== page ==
# Forces & Equilibrium

BHS -> Staff -> Mr. Stanbrough -> Physics -> Mechanics -> Newton's Laws -> Newton's First Law -> this page

## Question:

When an object is in equilibrium, what can you say about the forces that are pushing and pulling on it?

## Procedure

### Part 1 - Forces in One Dimension

1. Tie a loop in both ends of a short piece of string.
2. Calibrate (adjust the scale) your spring scales so that they both read the same force when they support the same object.
3. Put a loop over each spring scale hook, and have a person pull on each spring scale. The string should remain at rest, or move at constant velocity, while the people pull on it.
4. In a data table, record the force on each spring scale.
5. In order to get an idea of the precision of your measurements, check to see how much one person can vary their spring scale reading without affecting the reading on the other scale. Record this information.
6. Repeat for a few other "pulls".

### Part 2 - Forces in Two Dimensions

1. Your teacher will show you how to set up the force table apparatus so that 3 forces are pulling on the central ring.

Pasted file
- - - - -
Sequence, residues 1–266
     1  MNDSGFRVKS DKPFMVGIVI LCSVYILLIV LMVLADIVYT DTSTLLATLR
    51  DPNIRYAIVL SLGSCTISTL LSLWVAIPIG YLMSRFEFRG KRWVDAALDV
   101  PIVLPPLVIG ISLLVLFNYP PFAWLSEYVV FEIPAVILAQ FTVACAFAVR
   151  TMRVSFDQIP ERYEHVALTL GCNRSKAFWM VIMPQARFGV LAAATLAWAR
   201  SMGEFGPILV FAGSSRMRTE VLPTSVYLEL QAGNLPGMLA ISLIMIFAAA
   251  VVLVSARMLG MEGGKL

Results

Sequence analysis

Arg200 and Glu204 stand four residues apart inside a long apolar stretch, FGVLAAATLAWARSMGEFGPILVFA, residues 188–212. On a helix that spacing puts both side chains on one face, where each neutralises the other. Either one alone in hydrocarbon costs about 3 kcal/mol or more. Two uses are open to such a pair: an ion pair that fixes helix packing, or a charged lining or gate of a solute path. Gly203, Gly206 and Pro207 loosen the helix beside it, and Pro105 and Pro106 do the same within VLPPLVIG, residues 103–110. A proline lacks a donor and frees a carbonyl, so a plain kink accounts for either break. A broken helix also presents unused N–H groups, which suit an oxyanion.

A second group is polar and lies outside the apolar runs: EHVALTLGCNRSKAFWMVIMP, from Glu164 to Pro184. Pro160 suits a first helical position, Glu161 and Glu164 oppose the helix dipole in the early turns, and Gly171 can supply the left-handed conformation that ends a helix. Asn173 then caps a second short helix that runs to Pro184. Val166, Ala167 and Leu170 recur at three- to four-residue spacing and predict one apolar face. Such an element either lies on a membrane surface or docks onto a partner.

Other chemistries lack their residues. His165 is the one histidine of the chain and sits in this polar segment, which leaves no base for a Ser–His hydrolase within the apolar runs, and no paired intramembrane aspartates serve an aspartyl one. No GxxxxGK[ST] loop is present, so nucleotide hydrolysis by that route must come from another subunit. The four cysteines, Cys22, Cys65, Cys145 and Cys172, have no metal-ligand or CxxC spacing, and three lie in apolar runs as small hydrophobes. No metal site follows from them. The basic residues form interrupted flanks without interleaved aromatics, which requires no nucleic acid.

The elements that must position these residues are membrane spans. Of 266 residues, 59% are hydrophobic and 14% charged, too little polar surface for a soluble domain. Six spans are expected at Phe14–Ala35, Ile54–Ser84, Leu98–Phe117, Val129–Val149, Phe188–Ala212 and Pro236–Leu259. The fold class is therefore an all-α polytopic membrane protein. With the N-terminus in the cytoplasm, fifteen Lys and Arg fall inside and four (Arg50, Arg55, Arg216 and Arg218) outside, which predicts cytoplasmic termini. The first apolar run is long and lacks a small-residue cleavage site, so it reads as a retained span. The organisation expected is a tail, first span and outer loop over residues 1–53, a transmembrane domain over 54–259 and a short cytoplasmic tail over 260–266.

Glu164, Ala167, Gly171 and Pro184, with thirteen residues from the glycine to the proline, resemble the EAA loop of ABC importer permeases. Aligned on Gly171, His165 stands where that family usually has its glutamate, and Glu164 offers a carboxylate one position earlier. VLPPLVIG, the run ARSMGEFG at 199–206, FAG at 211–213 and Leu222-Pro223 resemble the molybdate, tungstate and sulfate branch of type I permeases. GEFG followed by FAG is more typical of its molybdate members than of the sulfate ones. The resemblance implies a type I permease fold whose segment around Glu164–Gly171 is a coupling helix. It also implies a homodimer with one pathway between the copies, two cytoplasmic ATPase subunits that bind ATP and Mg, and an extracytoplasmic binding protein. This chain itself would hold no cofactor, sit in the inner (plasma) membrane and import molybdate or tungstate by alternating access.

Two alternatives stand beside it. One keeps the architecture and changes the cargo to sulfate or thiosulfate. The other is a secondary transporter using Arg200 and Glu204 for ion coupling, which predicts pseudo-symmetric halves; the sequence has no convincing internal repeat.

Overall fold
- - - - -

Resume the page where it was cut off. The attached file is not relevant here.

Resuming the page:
2. Adjust two of the forces so that they are directed at 0o and 90o respectively. The direction of the third force will vary, depending on the number of washers you place on the weight hangers.
3. Adjust the direction of the third (non-perpendicular) force (by moving the string), and the amount of each force (by changing the number of hanging washers) until the central ring does not touch the post.
4. Record the magnitude of each force (number of washers) and direction of each force in a data table.
5. In order to test the precision of your measurements, check to see about how much you can move a string, or change the number of washers, without disturbing the central ring.
6. Repeat the procedure so that each person in your group has at least one experimental trial to analyze.

## Results:

### Part 2 - Forces in Two Dimensions

For each set of forces:

1. Determine the resultant (magnitude and direction) of the two vectors at 0o and 90o - you many use either algebra and trigonometry or a scale drawing.
2. Make a scale drawing showing your resultant vector from step 1 and the third vector in the set. Draw the vectors with their "tails" together.

## Conclusions:

### Part 1 - Forces in One Dimension

How do the forces on the 2 spring scales compare? In particular, given the variation that you noted in step 5 above, could the two forces be equal in size?

### Part 2 - Forces in Two Dimensions

For each set of vectors, how does the third vector in each set compare with the resultant of the other two vectors? What does this tell you about the net force on the ring? Why?

BHS -> Staff -> Mr. Stanbrough -> Physics -> Mechanics -> Newton's Laws -> Newton's First Law -> this page
last update November 10, 2007 by JL Stanbrough